Waynesville approves incentive package for unnamed business
Haywood County is suddenly a hot commodity for property developers; recent news of a proposed hotel in Maggie Valley was met last week with more news of a potentially substantial “hospitality industry” development in Waynesville that is also likely a hotel.
“This is the first request I’ve gotten since I’ve been here,” Waynesville Town Manager Rob Hites, who’s been on the job since August 2016, told the Board of Aldermen March 27. “I think you’re going to be getting more and more of these.”
He was referring to a request by a developer for an incentive package related to new investment in the town, a request that was approved unanimously by the board that same night and will grant the developer an 80 percent property tax rebate over six years, an estimated lifetime value of $212,000 or about $35,000 a year.
Those numbers are based on the developer’s assertions that the project will come in at about $9 million and create 15 jobs with an average wage of $21 an hour.
Property taxes can’t be forgiven in North Carolina, so incentive packages like this one, offered by towns or counties to businesses, can only rebate a percentage of those taxes after they’ve been paid, and after certain conditions — like total investment or jobs created — have been met.
Local governments maintain the right to audit those performance goals, and withhold rebates if necessary, but still end up generating a small net increase in property taxes, in this case 20 percent of the tax value of the parcel. When rebates expire, in this case six years from completion, full payment is required going forward.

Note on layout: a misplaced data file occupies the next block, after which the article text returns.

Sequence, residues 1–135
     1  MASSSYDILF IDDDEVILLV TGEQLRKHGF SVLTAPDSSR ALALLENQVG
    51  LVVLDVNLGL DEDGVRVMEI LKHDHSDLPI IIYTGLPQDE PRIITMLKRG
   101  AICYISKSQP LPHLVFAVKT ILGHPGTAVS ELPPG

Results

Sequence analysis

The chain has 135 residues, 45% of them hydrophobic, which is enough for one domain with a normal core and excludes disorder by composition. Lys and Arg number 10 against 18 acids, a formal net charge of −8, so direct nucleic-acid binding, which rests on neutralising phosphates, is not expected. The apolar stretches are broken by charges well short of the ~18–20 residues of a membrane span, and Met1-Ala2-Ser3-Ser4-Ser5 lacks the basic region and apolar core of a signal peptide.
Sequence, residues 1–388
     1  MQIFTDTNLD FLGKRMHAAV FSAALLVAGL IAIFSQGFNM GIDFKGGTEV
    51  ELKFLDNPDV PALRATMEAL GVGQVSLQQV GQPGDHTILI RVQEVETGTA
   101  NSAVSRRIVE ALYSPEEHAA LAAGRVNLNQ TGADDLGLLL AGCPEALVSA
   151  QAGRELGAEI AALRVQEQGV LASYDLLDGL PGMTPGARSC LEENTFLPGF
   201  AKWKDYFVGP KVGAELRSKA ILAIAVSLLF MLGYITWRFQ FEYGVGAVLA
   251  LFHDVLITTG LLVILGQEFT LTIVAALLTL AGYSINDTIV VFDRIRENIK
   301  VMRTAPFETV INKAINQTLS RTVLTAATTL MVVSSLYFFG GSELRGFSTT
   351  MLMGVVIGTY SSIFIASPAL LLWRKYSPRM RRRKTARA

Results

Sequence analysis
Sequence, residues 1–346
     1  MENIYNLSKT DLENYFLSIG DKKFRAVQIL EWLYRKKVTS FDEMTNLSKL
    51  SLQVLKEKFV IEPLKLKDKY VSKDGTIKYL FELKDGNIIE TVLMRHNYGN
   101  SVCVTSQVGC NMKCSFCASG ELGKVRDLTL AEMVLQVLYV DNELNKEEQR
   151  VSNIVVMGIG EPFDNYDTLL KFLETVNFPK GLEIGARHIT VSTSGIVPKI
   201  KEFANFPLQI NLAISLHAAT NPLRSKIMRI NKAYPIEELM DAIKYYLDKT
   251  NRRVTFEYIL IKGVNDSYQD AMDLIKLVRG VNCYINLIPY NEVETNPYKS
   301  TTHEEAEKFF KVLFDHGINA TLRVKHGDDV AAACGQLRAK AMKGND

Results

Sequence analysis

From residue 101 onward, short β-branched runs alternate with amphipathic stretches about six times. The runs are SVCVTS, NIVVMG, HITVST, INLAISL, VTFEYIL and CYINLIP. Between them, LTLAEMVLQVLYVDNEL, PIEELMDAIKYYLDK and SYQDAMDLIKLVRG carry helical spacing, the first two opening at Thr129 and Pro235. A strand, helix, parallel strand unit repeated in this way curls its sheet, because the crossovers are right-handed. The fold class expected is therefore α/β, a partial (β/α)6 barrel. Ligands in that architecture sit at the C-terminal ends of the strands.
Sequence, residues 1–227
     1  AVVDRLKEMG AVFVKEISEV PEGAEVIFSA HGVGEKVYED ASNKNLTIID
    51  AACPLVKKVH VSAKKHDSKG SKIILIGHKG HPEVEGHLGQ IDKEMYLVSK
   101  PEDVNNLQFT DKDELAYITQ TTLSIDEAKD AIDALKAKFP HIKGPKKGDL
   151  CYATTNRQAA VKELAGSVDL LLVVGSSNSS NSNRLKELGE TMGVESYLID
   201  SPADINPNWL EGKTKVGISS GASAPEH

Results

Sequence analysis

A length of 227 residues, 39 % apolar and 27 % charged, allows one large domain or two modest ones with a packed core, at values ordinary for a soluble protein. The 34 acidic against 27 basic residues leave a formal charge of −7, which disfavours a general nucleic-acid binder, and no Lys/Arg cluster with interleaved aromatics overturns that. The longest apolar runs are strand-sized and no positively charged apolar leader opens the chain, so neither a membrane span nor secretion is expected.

Such requests are shielded from the public eye by law so as to maintain the developer’s competitive advantage and prevent other speculators from claim-jumping or driving up related prices in anticipation of development. There are, however, certain transparency requirements — like the March 27 public hearing — that sometimes offer tantalizing clues as to who might do what, where and when.
The agenda for that meeting says it’s a “hospitality industry” development on a vacant parcel that wouldn’t need rezoning; setback and density constraints aside, few parcels within the town meet those requirements, but even fewer meet another trivial and lesser-known stipulation.
In order for the Town of Waynesville to assume responsibility for a private street — as the developer requested — it must serve at least three businesses.
One of the very few places all of these conditions come together, according to a quick search of the Haywood County GIS website and the town’s comprehensive planning document, is just west of the Great Smoky Mountain Expressway off Hyatt Creek Road.
That being said, there’s nothing remotely certain about the development, including its location; now that the developer’s incentive request has been approved by the town, the developer will bring the whole package back to the hospitality company, which will weigh it against what Hites said was “a pool of interstate candidates” all likely packaging incentives of their own.